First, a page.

Peterhouse v. Queens'
Yes, here we have the second automatic qualification match, pitting two teams, neither of whom I tipped to make it through to the semis. Living proof that the Clark crystal ball is back to its 2009 form, after my 2010 aberration.Peterhouse looked slightly the better bet going into the game, with a team of Edward Tait, Ben Slingo, Christopher Stanton and captain Louise Howes.Queens’ also fielded an unchanged team of Mark Jackson, Simon Wallace, David Webster and captain William Belfield.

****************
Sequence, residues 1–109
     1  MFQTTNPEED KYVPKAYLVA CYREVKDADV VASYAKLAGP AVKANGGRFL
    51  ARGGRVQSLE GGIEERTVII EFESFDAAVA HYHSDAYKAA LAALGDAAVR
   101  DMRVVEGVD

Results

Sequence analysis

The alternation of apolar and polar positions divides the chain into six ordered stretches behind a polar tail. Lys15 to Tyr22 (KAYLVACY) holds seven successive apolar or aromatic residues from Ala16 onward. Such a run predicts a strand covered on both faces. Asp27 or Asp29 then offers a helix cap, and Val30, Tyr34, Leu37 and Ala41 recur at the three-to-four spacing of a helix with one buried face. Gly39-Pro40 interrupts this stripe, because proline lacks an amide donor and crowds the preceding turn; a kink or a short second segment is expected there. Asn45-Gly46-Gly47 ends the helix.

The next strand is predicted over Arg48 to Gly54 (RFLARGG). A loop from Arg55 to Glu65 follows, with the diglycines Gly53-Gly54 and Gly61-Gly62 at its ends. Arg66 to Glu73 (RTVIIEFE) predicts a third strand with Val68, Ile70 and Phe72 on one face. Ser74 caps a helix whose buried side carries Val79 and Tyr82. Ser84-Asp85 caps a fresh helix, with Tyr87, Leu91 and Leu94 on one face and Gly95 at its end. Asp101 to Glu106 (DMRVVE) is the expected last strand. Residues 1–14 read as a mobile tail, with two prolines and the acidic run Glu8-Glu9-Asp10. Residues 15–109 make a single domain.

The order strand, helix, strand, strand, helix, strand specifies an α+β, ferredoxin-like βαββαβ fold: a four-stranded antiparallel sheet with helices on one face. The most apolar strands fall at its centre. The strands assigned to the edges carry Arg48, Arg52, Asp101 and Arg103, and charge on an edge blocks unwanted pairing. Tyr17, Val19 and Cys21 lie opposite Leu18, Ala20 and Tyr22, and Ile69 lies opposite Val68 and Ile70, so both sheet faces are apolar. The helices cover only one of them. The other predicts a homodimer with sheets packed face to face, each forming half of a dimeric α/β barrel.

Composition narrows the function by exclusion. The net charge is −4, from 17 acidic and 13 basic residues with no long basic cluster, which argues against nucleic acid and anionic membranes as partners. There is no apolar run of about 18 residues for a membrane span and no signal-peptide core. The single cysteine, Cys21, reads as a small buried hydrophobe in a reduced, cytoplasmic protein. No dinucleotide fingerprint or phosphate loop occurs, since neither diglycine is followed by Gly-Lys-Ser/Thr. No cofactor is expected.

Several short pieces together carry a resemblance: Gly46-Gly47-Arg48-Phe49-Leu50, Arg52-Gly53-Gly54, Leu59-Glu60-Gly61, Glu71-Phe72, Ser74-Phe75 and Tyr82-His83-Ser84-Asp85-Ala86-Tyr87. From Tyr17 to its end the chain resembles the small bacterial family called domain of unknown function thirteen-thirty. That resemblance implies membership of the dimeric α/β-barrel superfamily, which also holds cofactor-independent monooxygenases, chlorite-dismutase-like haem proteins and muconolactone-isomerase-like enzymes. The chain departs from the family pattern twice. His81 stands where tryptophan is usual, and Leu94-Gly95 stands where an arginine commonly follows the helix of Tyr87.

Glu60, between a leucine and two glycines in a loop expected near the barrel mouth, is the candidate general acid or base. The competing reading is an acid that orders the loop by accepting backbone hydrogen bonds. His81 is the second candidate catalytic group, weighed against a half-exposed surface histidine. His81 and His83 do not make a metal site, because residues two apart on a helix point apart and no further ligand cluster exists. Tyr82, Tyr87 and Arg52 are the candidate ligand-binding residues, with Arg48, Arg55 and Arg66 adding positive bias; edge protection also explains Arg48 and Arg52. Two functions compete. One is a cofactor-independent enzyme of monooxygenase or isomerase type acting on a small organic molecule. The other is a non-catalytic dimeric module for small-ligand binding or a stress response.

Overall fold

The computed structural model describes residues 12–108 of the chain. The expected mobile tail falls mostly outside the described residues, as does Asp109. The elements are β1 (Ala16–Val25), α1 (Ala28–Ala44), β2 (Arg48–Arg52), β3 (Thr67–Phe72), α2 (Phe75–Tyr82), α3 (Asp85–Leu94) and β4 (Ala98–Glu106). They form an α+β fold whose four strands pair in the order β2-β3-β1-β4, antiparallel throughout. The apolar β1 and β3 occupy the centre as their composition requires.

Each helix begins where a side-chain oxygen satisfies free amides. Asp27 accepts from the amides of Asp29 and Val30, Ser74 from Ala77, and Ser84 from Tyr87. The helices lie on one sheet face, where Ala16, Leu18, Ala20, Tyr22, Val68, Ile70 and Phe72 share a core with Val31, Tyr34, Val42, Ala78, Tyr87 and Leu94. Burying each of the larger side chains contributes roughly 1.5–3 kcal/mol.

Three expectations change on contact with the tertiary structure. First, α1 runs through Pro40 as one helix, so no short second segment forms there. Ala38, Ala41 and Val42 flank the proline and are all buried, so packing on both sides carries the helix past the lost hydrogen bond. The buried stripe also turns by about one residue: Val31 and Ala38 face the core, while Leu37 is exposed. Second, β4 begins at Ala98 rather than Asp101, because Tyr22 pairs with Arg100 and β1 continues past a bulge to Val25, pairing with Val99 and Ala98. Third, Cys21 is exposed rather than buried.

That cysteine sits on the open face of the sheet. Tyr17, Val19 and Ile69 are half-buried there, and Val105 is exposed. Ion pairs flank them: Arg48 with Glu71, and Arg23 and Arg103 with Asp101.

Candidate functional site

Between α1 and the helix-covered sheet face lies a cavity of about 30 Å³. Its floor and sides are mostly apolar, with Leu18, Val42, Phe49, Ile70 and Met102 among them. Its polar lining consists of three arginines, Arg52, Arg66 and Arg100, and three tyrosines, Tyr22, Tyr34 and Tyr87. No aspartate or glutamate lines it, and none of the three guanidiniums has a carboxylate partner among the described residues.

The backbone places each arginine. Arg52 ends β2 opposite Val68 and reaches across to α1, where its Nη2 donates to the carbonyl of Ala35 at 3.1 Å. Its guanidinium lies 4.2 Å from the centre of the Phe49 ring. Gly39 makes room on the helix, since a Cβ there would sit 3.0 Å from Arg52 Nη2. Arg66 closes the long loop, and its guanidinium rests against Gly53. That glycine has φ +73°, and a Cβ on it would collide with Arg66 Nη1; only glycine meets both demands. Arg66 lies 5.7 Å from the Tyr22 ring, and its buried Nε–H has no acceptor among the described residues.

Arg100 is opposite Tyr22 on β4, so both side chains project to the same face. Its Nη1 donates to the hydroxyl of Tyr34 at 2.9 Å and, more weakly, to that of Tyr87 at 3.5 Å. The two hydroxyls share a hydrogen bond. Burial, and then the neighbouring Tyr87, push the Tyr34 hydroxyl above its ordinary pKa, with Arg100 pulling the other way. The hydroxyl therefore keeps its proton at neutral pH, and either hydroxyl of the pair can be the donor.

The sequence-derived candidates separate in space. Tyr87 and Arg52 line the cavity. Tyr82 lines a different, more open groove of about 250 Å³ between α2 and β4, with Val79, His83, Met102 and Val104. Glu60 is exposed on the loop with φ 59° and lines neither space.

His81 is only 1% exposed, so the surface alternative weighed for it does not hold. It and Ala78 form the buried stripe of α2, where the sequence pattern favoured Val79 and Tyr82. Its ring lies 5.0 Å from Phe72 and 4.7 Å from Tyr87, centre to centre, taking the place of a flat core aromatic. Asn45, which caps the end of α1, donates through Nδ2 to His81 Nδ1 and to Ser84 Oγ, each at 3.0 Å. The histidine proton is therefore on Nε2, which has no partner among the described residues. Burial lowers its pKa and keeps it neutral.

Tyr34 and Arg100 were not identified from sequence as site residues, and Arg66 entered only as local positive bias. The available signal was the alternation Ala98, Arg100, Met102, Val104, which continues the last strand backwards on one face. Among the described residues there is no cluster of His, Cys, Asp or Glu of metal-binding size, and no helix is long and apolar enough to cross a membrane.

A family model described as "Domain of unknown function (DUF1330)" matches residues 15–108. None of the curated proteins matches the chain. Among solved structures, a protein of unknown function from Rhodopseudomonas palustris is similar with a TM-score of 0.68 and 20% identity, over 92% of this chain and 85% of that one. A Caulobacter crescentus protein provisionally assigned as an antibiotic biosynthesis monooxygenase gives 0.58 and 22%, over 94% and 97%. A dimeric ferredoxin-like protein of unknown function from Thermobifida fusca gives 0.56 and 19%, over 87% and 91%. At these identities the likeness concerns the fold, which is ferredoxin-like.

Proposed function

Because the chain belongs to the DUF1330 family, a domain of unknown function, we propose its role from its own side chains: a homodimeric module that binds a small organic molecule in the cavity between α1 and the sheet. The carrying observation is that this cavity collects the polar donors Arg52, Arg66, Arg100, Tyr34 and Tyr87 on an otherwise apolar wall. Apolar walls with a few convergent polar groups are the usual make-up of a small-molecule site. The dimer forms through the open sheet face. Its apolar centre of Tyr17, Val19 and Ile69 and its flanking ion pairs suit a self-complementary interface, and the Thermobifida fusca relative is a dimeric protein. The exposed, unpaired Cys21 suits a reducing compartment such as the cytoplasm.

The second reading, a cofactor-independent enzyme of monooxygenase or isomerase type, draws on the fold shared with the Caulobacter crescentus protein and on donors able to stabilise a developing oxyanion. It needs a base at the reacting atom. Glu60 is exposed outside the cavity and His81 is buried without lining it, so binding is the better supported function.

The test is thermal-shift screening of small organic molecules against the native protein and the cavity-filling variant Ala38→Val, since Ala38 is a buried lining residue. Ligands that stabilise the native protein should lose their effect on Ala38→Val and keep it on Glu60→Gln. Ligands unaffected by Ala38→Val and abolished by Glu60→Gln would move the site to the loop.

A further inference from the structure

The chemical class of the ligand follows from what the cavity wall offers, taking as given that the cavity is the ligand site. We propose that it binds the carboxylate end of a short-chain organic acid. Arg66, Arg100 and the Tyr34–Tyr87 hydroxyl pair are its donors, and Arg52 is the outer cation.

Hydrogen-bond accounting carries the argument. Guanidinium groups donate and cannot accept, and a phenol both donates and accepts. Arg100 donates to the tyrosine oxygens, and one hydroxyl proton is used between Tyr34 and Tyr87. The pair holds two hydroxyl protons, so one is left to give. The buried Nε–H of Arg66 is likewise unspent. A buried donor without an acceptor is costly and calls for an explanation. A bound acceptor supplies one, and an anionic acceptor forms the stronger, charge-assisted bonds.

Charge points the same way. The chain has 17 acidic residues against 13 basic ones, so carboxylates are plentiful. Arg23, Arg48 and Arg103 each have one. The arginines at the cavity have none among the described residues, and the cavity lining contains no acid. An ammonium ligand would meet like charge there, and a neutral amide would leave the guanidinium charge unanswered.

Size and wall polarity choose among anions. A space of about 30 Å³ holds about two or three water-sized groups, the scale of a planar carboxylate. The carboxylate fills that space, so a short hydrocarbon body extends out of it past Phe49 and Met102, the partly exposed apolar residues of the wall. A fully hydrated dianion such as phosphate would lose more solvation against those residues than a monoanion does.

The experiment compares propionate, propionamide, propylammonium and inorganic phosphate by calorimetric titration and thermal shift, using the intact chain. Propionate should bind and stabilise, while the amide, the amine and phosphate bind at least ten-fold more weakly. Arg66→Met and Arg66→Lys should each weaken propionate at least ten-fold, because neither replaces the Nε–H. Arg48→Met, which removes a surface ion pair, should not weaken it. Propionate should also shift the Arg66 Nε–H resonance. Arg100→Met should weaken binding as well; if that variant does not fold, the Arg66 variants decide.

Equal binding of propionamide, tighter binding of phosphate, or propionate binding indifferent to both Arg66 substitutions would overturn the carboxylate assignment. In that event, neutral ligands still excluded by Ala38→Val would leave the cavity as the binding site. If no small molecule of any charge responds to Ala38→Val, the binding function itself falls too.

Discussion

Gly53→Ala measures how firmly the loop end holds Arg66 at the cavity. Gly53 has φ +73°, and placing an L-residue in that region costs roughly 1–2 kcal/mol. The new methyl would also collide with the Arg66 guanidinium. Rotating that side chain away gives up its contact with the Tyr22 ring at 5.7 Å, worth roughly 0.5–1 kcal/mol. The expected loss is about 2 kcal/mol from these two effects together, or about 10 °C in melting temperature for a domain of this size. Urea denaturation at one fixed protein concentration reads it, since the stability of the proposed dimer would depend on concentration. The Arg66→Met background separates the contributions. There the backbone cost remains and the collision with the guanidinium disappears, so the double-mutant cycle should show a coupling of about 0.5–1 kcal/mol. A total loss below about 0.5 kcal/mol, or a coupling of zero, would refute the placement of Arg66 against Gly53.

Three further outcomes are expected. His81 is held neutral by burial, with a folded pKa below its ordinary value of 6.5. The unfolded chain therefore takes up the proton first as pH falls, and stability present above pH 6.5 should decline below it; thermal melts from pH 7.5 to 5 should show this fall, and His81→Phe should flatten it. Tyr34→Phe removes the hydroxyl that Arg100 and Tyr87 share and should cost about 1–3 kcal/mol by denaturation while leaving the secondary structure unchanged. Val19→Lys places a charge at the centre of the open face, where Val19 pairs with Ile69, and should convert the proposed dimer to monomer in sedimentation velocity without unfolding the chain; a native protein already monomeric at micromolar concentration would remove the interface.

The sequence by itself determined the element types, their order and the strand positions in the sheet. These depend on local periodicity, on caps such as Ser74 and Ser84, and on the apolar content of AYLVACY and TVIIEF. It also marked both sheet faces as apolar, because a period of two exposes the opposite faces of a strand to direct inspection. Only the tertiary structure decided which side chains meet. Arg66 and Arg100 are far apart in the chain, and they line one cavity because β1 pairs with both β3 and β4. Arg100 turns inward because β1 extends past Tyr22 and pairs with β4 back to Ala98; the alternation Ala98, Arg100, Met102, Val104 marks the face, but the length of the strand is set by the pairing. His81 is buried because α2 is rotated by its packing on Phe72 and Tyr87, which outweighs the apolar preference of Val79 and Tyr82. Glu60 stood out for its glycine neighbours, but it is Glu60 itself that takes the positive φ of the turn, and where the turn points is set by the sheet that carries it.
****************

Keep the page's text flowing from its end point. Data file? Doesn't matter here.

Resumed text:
Contrary to my expectations, it was Queens’ that made a lot of the early running. David Webster took the first starter, recognising that JP was referring to détente far quicker than anybody else did. 2 bonuses followed on Ancient History. Christopher Stanton took Peterhouse’s first starter with Little Lord Fauntleroy, but the team only managed a single bonus on plants. Mark Jackson, very much the star of Queens’ last outing, weighed in with his first starter of the night when he knew that the prefix required for all the examples given in the question was – anti - . 3 bonuses on a physicist followed. Ben Slingo – who you’ll remember had 18 correct starter answers before the start of the quarter finals - buzzed in for the next starter but was unable to supply an answer. Nobody on either team knew that it was Tobias Smollett who wrote Roderick Random amongst other things. I tried reading it once – failed miserably. Peterhouse took the net knowing that Portugal was one of the European countries whose name is actually the same in English as it is in their own language – believe me there are precious few of these. A bonus was taken on ceramics. Simon Wallace recognised that the picture starter showed a very young Bill Clinton, This earned Queens’ 3 more pictures of US presidents in their younger years, and they managed two of them. Ben Slingo weighed in with his first correct starter of the night with the term Stalking Horse, and this enabled Peterhouse to take two bonuses on wives of Henry VIII. After a lively first ten minutes Queens’ held a slender lead by 65 pointd to 50.